Posted on 14 Aug 2009
New Jersey Governor Jon Corzine has signed a new measure making New Jersey , the state with the highest autism rate in the country , the 15th state to require expanded health insurance coverage for autism. The coverage will now require health insurers to pay for diagnosis and treatment.
More than a dozen parents and their developmentally disabled children attended the emotional bill-signing ceremony at PSE&G Children's Specialized Hospital in New Brunswick.
"I'm proud of this," Corzine said before signing the bill. "This is one of those things that will make a difference, not just for today and tomorrow but for long into the future."
Assembly Speaker Joseph Roberts, who championed the bill, agreed. He said the new law "mandates that health insurers do the right thing."
A federal Centers for Disease Control and Prevention study found 1 in 94 children in New Jersey have the genetic-based disorder, compared with 1 in 152 nationwide.
The legislation requires insurers to cover the cost of medically necessary treatments, such as physical, speech and occupational therapy, along with behavioral intervention. It caps insurers' liability at $36,000 a year.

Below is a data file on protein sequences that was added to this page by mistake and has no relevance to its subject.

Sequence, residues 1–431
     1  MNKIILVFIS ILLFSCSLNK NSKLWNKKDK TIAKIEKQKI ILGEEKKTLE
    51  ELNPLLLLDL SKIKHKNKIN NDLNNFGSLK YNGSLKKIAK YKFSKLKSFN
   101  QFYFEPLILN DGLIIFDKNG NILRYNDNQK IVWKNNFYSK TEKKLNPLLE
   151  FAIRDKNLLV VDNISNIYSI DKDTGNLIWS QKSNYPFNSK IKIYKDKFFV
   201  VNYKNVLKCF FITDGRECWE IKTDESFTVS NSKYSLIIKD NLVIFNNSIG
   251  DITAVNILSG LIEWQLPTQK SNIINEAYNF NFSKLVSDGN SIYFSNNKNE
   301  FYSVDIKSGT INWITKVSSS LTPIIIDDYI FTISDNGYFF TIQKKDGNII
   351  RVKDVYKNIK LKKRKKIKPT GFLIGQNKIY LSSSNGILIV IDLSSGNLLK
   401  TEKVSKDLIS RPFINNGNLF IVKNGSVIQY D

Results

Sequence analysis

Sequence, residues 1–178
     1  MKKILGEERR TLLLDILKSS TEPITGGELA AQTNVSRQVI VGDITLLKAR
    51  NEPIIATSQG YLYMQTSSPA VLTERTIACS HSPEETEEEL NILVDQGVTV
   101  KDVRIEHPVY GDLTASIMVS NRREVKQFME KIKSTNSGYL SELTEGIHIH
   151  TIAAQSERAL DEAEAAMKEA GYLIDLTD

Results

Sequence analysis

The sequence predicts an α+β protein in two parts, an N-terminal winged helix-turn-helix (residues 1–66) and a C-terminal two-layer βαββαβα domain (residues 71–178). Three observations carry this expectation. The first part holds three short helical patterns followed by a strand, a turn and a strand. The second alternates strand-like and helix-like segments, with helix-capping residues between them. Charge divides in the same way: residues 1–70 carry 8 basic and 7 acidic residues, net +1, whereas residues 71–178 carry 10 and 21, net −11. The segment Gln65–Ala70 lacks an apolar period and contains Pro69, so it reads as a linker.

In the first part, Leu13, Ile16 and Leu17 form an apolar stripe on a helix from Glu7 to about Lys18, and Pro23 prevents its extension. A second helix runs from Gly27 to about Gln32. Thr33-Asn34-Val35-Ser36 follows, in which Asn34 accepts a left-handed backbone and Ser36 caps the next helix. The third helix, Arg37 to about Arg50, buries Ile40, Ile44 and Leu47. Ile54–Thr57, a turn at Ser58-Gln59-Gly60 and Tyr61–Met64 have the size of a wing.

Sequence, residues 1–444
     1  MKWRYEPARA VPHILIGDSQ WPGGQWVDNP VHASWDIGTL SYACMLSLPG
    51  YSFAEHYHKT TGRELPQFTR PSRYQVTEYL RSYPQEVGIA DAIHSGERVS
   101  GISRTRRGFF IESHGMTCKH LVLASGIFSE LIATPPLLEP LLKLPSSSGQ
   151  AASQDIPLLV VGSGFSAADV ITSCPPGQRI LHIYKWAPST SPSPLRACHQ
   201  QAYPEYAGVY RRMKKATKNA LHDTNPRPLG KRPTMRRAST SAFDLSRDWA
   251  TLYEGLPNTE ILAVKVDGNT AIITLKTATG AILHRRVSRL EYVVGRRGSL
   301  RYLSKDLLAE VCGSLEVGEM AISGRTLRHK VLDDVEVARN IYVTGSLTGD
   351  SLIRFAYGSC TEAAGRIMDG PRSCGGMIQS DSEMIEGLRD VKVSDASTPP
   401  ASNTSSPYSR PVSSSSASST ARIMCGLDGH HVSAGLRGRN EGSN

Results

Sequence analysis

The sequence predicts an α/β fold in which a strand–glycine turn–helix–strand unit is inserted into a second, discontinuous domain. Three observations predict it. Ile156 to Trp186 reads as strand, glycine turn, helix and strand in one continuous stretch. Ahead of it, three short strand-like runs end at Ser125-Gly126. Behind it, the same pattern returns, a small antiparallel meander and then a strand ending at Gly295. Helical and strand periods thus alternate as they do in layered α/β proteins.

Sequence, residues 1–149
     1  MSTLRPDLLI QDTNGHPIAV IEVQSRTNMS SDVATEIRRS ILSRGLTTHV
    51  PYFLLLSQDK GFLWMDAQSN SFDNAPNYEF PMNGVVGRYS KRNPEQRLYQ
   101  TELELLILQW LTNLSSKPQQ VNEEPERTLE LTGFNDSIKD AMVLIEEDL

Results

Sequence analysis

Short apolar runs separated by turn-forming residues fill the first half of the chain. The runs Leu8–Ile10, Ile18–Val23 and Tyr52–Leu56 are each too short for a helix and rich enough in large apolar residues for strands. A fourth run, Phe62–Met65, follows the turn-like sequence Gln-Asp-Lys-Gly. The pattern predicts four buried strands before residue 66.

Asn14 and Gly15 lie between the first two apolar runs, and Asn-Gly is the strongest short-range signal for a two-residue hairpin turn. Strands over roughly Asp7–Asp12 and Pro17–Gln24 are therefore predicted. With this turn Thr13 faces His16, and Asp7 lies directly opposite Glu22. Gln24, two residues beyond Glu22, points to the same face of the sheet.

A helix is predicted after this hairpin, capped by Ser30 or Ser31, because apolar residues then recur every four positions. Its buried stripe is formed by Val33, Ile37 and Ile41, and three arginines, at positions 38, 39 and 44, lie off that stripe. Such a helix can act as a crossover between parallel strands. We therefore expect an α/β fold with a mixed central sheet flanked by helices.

Lawmakers sponsoring the bill faced resistance from health insurers and others who feared the new mandate would drive up health care costs for small businesses.
Roberts, however, said the opposite is true. With early diagnosis and treatment, he said, more children can receive mainstream educations, which cost about $13,000 per year per pupil, compared with about $50,000 a year for special needs students.
Christine Bakter, the mother of two autistic boys, said the bill lifts a financial burden off her family.
"I'm really tired of fighting," she said. "We have been paying insurance premiums all this time, and we haven't gotten the coverage we deserve."